I know many Christians who are amazing people, who love deeply and cherish life and seek to end suffering caused by evil in the world. In fact, tomorrow there is a day of solidarity in which many evangelicals will be absent from social media in solidarity with those trapped in the sexual slave trade.There was a problem with the blakbirdpie shortcode
The irony of this undertaking is that the Christian scriptures do not provide a sensible basis for the abolition of slavery. They never have, and in the schema of modern fundamentalism they never will, as the scriptures cannot be altered. The only way to make sense of abolition is through metaphoric reinterpretation, cherry picking, and wanton disrespect for the text of the scriptures, all of which run contrary to an interpretation of the scriptures as the revealed truth of God.
To explain this point, I turn to Dr. Richard Furman, who was the founder of Furman University and the first president of the Southern Baptist convention. The convention was originally formed over this theological point, and he gives a very strong defense of slavery itself:
“…for the right of holding slaves is clearly established by the Holy Scriptures, both by precept and example. In the Old Testament, the Isrealites were directed to purchase their bond-men and bond-maids of the Heathen nations; except they were of the Canaanites, for these were to be destroyed. And it is declared, that the persons purchased were to be their “bond-men forever;” and an “inheritance for them and their children.” They were not to go out free in the year of jubilee, as the Hebrews, who had been purchased, were: the line being clearly drawn between them.*[See Leviticus XXV. 44, 45, 46, &c.] In example, they are presented to our view as existing in the families of the Hebrews as servants, or slaves, born in the house, or bought with money: so that the children born of slaves are here considered slaves as well as their parents. And to this well known state of things, as to its reason and order, as well as to special privileges, St. Paul appears to refer, when he says, “But I was free born.”
“…[Had the holding of slaves been a moral evil, it cannot be supposed, that the inspired Apostles, who feared not the faces of men, and were ready to lay down their lives in the cause of their God, would have tolerated it, for a moment, in the Christian Church. If they had done so on a principle of accommodation, in cases where the masters remained heathen, to avoid offences and civil commotion; yet, surely, where both master and servant were Christian, as in the case before us, they would have enforced the law of Christ, and required, that the master should liberate his slave in the first instance. But, instead of this, they let the relationship remain untouched, as being lawful and right, and insist on the relative duties.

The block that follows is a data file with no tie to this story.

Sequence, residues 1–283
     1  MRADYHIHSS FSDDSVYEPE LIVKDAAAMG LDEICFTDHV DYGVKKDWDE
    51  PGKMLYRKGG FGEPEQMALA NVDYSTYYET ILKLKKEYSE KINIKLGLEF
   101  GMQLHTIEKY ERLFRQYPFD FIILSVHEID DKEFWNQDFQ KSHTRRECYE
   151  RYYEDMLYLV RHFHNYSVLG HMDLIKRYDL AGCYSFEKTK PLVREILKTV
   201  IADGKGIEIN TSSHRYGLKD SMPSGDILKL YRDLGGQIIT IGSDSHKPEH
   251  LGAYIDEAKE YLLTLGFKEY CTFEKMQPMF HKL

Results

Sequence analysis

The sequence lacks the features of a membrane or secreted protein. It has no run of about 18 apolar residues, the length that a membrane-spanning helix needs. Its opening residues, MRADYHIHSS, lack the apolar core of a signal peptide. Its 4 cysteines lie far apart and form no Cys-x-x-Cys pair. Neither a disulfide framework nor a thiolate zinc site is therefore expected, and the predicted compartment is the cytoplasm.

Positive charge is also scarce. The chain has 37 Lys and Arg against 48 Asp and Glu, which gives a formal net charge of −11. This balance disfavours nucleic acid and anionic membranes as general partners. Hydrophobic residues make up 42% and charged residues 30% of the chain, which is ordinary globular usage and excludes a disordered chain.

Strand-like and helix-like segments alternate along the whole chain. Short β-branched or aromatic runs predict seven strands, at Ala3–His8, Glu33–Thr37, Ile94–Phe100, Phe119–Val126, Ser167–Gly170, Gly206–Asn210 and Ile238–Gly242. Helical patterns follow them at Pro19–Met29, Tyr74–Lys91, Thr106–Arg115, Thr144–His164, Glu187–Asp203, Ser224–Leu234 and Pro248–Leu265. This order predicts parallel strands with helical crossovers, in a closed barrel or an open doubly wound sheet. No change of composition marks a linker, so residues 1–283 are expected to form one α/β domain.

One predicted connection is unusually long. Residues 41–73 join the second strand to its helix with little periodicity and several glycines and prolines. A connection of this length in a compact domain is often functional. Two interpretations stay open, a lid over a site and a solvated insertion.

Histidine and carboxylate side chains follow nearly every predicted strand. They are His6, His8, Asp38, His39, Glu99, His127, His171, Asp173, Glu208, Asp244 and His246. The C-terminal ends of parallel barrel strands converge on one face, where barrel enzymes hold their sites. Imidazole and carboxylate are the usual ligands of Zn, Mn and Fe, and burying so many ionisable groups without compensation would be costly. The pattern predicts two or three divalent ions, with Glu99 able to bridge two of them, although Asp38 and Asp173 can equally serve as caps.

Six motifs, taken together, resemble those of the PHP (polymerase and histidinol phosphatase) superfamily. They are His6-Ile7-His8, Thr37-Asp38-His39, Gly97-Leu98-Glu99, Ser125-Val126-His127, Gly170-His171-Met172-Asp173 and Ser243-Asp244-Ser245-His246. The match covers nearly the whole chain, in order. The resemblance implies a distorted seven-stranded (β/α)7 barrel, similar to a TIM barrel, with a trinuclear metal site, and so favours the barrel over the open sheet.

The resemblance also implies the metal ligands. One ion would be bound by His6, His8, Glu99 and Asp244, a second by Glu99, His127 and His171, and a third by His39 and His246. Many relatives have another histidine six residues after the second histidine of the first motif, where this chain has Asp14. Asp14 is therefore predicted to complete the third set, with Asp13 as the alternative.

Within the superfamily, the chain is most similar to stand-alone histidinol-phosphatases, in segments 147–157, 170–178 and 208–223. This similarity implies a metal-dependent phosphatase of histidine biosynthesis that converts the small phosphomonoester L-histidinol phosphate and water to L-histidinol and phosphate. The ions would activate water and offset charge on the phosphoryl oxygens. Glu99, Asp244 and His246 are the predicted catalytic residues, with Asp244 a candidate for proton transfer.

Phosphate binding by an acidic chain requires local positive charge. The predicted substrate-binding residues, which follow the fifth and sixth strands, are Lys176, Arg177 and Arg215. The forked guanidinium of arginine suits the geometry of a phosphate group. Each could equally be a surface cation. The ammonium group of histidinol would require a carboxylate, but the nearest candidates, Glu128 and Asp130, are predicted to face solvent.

In proving this subject justifiable by Scriptural authority, its morality is also proved; for the Divine Law never sanctions immoral actions.
The Christian golden rule, of doing to others, as we would they should do to us, has been urged as an unanswerable argument against holding slaves. But surely this rule is never to be urged against that order of things, which the Divine government has established; nor do our desires become a standard to us, under this rule, unless they have a due regard to justice, propriety and the general good.
“…Magistrates, husbands, and fathers, have proved tyrants. This does not prove, that magistracy, the husband’s right to govern, and parental authority, are unlawful and wicked. The individual who abuses his authority, and acts with cruelty, must answer for it at the Divine tribunal; and civil authority should interpose to prevent or punish it; but neither civil nor ecclesiastical authority can consistently interfere with the possession and legitimate exercise of a right given by the Divine Law.”
I will also quickly note that Exodus 21 gives instructions for selling daughters into sex slavery, the very thing that is being railed against.
If any Christians are offended, I praise them for recognizing such a despicable stance for what it is. Please, I implore them to understand that I am not the object of your offense. I am not the culprit in their anger.
I am a mirror of Christian beliefs, Christian scriptures, and what the Christian God has said according to holy texts.
Every Christian I know is better than this, and is capable of making a better moral judgement than God or Richard Furman, and I can only hope that more Christians will realize the other ways that god has been terribly, terribly wrong.
I’m not creating a straw man, and I’m not misrepresenting Christianity at all: I am pointing it out for what it truly is, and the reason Christians are offended is simply because they are better than their God.
And the truth is, they wish I weren’t right.